There were pictures. A huge picture stand for each child from kindergarten until current. Stunning wooden furniture with their smiling faces, some missing teeth at 5 years old, all the way up to prom, high school gradution for Kieran and Kieran's first picture outside of his dorm, all behind glass, proudly displayed. There on the mantle were the few pictures I'd managed to come up with for her of me. I felt cheated


I also felt guilty because as my adoptive mother says, I am her "million dollar kid." Hence my incredibly ability to push these things to the back of my mind, where I will either deal with them later, or they will fester and I will die with them far from the surface.

I guess my answer to this question is that I'm not ready to completely go there yet. I've went farther in this post than I ever have before and I may publish it, or I may not. I may delete it later.


suz said...

you are amazing. truly, utterly amazing. i am glad to know you.

Possum said...

I'm so very glad you've published it.
I hope it stays.
These things need to be read and heard.
Thinking of you sweetie.
Biggest hugs,
Poss. xxx

Nicole said...

Suz, you have no clue how much you have helped me. I am so glad to know you.

Poss, you too. Sending you the biggest hugs back

Maryreunited said...

Oh my goodness, Suz pointed me here. She is my angel, she helped my daughter find me. I am sitting here crying after reading your words. My best friends mother had Ovarian Cancer, and another friend of mine had it as well. I will keep you in my thoughts and I'll tell you something not too many people know about me. I donate to both Breast Cancer research and Ovarian research through the American Cancer Society. I earmark each donation for those two things, specifically because of the history of Breast CA in my family and because of how the other has touched my life through my friends.

Now as a mother who is reunited as well, I will add a few things. I love that your mother came and even though she stayed away from you in hospital she was still there, where you could reach her if you wanted her, where she would be able to come to you if things went horribly wrong.(mothers do that, it is our love of our children that lets us take risks for them) I love that your brother called her and told her what was going on with you. What I also love is the fact that she sent you her list of 200 things so that you had them to read while you waited. I know I am rambling here, but I wanted to say those things where you would see them instead of buried in an old post. I think that Suz is right you are amazing, strong, corageous and simply amazing. I will keep reading, and learning from you. I have a blog as well but havn't been writing much, you can find it on blogspot as Marureunited..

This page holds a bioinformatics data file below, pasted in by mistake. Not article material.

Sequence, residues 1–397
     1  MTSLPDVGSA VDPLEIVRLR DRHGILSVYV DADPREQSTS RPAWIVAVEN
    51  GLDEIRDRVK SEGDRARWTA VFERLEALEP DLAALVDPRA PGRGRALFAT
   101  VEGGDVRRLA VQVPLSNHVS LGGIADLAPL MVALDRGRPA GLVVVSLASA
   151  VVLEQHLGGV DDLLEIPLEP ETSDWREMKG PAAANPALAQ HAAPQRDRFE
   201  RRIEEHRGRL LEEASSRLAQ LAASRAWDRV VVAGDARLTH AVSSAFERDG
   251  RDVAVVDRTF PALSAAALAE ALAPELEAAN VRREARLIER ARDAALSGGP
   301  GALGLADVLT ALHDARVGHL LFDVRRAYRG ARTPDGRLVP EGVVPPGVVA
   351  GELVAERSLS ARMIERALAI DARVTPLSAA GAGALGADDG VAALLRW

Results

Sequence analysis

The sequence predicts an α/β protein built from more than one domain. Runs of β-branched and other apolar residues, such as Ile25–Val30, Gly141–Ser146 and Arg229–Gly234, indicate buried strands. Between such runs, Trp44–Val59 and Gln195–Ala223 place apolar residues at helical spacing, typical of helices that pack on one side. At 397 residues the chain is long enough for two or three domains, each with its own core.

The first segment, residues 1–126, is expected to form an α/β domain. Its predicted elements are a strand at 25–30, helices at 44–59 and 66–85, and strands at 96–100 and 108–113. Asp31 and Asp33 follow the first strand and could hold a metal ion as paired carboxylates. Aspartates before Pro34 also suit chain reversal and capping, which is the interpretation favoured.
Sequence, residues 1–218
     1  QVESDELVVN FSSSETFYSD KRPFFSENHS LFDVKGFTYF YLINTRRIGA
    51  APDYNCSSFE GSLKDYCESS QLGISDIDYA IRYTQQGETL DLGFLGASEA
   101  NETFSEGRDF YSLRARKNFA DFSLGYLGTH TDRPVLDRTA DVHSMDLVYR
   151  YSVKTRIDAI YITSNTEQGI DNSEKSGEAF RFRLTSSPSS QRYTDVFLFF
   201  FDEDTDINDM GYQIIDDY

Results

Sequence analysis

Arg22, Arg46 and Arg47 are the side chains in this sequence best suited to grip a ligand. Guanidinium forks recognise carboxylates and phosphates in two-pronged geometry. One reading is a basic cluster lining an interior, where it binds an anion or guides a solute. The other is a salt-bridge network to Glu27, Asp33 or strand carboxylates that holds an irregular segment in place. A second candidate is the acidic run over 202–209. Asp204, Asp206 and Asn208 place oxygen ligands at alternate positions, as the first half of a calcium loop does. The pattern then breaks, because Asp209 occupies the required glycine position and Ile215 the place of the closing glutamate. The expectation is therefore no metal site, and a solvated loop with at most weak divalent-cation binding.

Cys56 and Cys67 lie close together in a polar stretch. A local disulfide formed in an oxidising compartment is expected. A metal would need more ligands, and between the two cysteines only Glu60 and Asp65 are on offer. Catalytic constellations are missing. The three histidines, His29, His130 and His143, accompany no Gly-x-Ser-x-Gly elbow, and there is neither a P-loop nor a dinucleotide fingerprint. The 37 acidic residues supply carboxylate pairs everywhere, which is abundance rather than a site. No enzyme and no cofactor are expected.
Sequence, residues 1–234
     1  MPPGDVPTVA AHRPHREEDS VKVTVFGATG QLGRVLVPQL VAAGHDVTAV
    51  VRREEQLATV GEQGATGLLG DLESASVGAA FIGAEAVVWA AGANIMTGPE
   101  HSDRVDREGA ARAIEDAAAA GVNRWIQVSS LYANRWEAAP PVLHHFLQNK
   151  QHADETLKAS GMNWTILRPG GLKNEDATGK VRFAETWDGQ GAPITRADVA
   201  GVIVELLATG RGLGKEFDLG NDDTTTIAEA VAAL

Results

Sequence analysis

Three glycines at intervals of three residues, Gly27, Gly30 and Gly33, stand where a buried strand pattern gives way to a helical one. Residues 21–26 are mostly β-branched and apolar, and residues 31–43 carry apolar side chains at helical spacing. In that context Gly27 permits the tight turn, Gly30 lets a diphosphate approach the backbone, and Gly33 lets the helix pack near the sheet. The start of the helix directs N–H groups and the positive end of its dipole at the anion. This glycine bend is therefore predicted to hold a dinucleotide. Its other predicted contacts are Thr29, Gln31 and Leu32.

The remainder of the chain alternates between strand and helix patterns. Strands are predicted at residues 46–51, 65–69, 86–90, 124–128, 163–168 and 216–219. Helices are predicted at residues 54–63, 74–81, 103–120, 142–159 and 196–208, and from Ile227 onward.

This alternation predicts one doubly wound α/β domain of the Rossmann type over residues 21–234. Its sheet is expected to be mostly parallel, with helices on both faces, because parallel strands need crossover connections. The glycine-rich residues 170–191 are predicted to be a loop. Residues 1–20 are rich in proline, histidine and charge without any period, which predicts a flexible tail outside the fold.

Nicole said...

Hi Mary,
Thank you for such a nice response. Thanks so much for donating to ovarian cancer.
Once I was in the store watching a teenager tell her mom that she wanted the pink breast cancer cup, which of course is a good thing. But I asked the mother if she knew what a teal ribbon was, and she didn't. There isn't enough awareness out there about ovarian cancer but it is one of the deadliest cancers there is. I love to get the word out whenever I can, because early diagnosis is the key. I was originally staged as a 3C which is advanced, because of my age, I just assumed that it was hormones and menstrual issues, being adopted I had no idea what my own mother had gone through either.

Thank you so much for all the compliments. I will check out your blog. I need to find out how to link blogs here too. hmmm. I'm getting ready for another chemo round but I will definitely check it out when I am up and around again.